Whitewater Park River Surfing: History, Design, Science and Destinations
Surfing waves in rivers is not a new phenomenon. Landlocked surfers have been surfing river waves or “standing” waves in places like the Snake River in Jackson, Wyoming or the Eisbach Canal in Munich, Germany for 20-30 years. Many other locations in North America as diverse as Montreal, Quebec or Missoula, Montana, boast thriving river surfing destinations.
Today the development of Whitewater Parks has led to an expansion of river surfing. While hardly mainstream, river surfing is now possible in places that were never previously thought of as surfing destinations. With standing waves, the wave is uniform for indefinite periods of time, meaning no battling salty locals for set waves and rides that can last as long as your quads can stand it; and with fresh water the toothiest critter is likely to be a beaver…there is a lot to like about river surfing.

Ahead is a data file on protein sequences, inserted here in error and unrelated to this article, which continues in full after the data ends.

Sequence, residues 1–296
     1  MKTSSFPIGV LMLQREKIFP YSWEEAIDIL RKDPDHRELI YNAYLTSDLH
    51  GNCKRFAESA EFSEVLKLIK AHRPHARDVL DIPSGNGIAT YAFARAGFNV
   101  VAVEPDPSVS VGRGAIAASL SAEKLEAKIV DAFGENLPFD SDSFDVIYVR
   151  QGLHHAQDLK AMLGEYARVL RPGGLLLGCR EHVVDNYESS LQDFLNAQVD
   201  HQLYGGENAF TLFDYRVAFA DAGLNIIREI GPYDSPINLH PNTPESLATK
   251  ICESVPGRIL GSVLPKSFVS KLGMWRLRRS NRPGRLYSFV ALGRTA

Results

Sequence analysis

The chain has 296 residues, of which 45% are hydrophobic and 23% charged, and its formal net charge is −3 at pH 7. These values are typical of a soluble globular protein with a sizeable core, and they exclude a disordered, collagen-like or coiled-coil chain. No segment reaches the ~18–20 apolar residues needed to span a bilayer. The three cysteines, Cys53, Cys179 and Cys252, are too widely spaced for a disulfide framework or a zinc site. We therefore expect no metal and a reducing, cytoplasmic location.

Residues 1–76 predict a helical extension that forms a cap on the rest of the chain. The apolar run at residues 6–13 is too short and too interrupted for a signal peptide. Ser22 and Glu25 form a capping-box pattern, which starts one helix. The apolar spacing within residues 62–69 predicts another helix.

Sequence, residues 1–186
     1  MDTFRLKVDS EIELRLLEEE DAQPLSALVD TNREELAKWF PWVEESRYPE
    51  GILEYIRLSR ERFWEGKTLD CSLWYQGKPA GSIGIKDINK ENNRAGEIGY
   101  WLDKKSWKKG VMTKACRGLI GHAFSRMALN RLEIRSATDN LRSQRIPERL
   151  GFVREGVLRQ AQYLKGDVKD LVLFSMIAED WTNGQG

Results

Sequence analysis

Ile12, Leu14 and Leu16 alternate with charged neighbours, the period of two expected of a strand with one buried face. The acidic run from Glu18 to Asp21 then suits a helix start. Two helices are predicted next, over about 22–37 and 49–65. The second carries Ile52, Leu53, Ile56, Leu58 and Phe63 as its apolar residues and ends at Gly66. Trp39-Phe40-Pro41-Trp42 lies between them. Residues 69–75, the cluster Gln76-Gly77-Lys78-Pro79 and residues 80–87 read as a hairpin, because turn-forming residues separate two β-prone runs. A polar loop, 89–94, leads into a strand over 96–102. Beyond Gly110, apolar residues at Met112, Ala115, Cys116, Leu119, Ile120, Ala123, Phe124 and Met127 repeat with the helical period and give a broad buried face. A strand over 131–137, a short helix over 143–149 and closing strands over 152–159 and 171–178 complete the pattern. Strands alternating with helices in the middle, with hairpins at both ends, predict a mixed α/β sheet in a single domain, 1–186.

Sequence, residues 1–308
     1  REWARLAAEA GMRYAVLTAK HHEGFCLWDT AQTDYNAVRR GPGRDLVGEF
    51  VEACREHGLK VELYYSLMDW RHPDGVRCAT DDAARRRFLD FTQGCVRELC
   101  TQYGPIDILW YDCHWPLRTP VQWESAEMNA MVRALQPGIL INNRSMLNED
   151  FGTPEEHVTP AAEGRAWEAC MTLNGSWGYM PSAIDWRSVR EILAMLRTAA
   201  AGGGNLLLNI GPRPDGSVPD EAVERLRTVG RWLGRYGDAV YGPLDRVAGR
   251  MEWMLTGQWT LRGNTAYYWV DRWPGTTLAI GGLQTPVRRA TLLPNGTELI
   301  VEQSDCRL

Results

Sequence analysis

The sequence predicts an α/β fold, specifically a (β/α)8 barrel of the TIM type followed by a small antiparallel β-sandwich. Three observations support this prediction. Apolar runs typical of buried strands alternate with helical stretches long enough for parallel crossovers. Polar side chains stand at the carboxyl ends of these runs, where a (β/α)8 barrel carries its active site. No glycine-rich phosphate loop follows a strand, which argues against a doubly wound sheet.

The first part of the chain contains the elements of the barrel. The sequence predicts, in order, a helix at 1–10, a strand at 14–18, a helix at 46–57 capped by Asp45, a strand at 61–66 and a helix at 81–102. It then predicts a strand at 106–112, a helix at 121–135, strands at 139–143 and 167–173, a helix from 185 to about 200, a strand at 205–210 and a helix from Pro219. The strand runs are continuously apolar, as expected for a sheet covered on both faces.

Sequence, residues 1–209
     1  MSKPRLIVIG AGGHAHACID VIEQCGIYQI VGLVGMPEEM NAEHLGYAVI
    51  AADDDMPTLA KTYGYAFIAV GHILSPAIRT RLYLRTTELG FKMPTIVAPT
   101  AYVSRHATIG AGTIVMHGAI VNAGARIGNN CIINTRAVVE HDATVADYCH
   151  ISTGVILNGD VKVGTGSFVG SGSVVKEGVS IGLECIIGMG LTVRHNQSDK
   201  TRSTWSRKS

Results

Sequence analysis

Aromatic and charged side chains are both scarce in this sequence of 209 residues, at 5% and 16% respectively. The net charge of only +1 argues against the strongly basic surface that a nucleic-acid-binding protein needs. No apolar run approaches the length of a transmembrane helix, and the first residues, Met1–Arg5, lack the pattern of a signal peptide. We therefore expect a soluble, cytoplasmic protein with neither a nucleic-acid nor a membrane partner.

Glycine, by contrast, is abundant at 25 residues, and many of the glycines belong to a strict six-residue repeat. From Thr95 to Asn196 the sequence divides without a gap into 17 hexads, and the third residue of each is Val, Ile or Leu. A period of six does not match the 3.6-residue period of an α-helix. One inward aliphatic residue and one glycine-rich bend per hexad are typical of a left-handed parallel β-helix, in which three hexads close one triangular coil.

Whitewater Parks are the common name used to describe engineered river improvement projects where structures are built in the streambed of a natural river, using rock and concrete, to create accessible whitewater features, bringing whitewater paddling to the 9-5 masses the way that rock climbing gyms have for climbers.